• Again I totally relate! I once called myself an “adrenaline addict” and when the relationship hit the skids that’s when I became a real junkie trying to save it. Oh What a high it was when I did! Or no skids? I’ve even been known to create the problems and the fighting just to bring myself to the brink/edge of break-up and then see if I can fix it all again before it’s too late. 12 step programs really helped me lose my taste for this kind of “turbulence” (Big Book Awakening for Emotional Sobriety) And I am finally in a healthy relationship which I know will eventually have the honeymoon phase wearing off but finally I am now prepared to deal with how that evolves in real life. He and I listen to the podcast Relationship Alive together and discuss all this stuff. It’s awesome. Geeze, so far I’ve recommended a book, an anonymous program, and a podcast. I think these people should start giving me kickbacks for going around making comments like these. 😉

      Liked by 1 person

      • bahahha…kickbacks…indeed. I agree, i am kind of over the drama..but still don;t trust myself not to be toxic . Thought about getting a pet, but not even sure i’m “fixed” enough for one yet..maybe in the spring? lol


  2. Pingback: How Can You Want What You Already Have? | Once Upon Your Prime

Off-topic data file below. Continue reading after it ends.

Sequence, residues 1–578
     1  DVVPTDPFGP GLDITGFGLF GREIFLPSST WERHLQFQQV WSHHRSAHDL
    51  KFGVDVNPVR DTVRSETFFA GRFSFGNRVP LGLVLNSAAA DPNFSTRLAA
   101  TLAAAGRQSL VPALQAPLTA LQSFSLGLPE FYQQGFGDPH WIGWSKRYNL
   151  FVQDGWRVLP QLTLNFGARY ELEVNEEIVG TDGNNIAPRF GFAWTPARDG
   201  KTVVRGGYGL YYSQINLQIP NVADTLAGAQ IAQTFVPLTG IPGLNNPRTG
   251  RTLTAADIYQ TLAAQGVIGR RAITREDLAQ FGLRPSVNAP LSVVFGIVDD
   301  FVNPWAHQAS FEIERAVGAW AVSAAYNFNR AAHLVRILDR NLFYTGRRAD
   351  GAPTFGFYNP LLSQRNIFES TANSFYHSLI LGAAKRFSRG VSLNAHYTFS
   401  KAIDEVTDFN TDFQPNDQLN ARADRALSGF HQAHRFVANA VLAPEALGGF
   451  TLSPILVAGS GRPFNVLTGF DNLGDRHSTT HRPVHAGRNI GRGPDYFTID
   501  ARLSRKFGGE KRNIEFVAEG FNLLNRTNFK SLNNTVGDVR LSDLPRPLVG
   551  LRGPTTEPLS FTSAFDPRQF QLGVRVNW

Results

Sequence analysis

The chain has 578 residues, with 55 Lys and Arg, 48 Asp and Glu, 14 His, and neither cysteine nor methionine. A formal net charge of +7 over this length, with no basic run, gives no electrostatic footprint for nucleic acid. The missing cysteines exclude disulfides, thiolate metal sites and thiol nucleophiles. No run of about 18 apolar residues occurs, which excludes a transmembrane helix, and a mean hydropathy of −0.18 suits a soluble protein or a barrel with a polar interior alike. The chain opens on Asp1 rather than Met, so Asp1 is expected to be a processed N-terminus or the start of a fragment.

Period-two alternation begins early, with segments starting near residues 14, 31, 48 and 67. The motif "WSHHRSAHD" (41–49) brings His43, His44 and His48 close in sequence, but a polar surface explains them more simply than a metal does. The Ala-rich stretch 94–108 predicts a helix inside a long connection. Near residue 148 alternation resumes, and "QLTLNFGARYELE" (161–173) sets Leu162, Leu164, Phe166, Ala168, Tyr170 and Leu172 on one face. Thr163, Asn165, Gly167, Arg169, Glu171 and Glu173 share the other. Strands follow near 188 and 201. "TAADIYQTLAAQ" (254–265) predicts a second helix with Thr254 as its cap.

3. What a wonderful surprise to see you and this post Steph! I’ve been reading blog posts on and off recently but when I saw ‘Little Miss Menopause,’ just now, my adrenaline of delight skyrocketed to the moon (not honeymoon). Miss you dear friend and yes, you got me chuckling … of course! Xx

    Liked by 1 person

  4. We’re on 20 years together, 16 years married, been through Hell and back about 3 times, and we’re still best friends and lovers. If anything we’re more in love now than we were when we got married and that was hard to imagine possible back then. ❤️

    Liked by 1 person

    • Good point… I think that’s so important to marry your best friend like you did because the natural chemistry going to be there between the two of you when that is the case and that is important for any long term relationship. Also, I think another key is that if you’re going to marry someone to love them for their good qualities and accept them for their imperfections. I hear some people complain always about something their wife/husband doesn’t do or do, but I’m sure their significant other was always showing a consistent behavior of whatever it is they don’t like before they said I do.

      Liked by 1 person

  5. A good way to start a long romance is finding a partner you respect and who respects you, is a friend before becoming a lover, and whom you have absolutely no sexual desire for, and who has little sexual desire for you. Might sound counterproductive, but there is no honeymoon stage to end, and sharing your bodies becomes something you learn to do together without having that crazy sexual desire quickly disappearing. Love can come later. Friendship and respect are longlasting attributes. Anything more is icing.

    Liked by 2 people

  6. Simple: Don’t actually get married. I’ve been with my partner for seventeen years. (Anniversary of our meeting—in a bar—will be tomorrow). We are in the Florida Keys right now, celebrating! I feel like it’s a honeymoon. He did buy me some nice jewelry through the years, including a nice diamond set which I wear on my marriage ring finger. 😊💕